This is a worrying time for everyone, and if you have cancer, you’ve already got a lot to deal with. We’ve tried to answer some common questions about cancer, coronavirus and supporting your mental health and wellbeing. But if you have more questions, you can always talk to your GP or care team.
I’ve got cancer and coronavirus is impacting my mental health. What help is there?
Having limited contact with friends and family can be really hard.
Sharing how you’re feeling with your clinical team or Youth Support Coordinator can be a good first step. They are there to look after all parts of your health, not just the physical side.
They might be able to suggest some things to help, or tell you about any local support you could use. Whatever you’re feeling, you’re not alone and the team are there to help.
Young people with cancer often have to self-isolate as part of their treatment anyway, even without a pandemic like coronavirus. That means the young people we support have lots of tips and tricks to make this time easier.
Check out our isolation hacks to help you plan your week.
Our information pages also include recipes to try, art and crafts ideas, mindfulness and wellbeing activities and blogs from people who have been through it too.
There are some simple things you can do to stay mentally and physically active during this time:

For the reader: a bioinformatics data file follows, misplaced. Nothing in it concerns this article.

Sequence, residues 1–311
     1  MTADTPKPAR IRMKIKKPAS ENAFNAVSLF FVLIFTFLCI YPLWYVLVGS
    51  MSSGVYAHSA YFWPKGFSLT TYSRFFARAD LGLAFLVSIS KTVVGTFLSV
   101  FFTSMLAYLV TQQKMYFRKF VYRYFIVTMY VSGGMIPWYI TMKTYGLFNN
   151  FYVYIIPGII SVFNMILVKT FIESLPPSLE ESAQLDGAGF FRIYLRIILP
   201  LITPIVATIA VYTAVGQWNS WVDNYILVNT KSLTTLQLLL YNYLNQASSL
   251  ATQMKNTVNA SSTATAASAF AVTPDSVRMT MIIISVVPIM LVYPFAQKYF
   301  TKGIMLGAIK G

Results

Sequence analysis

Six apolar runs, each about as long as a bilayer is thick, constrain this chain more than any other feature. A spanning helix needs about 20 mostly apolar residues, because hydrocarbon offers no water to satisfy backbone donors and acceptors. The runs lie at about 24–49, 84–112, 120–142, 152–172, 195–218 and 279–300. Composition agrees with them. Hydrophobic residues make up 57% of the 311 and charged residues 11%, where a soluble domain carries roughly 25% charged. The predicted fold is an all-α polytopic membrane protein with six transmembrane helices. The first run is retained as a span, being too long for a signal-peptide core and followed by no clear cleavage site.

- Look for ideas for exercises to do at home on the NHS website
- Spend time doing things you enjoy – reading, cooking and other indoor hobbies
- Try to eat healthy, well-balanced meals, drink enough water, exercise regularly, and try to avoid smoking, alcohol and recreational drugs
- Spend some time outside to exercise where national or local restrictions apply
- Arrange virtual meet-ups with friends and family
The people around me aren’t following coronavirus guidelines. What should I do?
It’s really important that everyone follows government guidelines to keep everyone safe and help reduce the spread of coronavirus.
That includes things like shielding if advised to, staying at a social distance (2 metres where possible), washing your hands regularly, and wearing masks in enclosed spaces.
If the people around you, like family you live with or friends you’re able to see, aren’t following the guidelines, that might make you feel especially nervous about staying safe.
Try talking with them and explaining how it makes you feel. It might be that they’re not sure what they can and can’t do now things are changing rapidly.
It might also help to explain that you are considered clinically extremely vulnerable and that it’s very important that you and those around you follow the rules to keep you safe.
If you still feel uncomfortable, talk to those around you. This might feel awkward, but putting your health first is always ok, and those around you should understand that.
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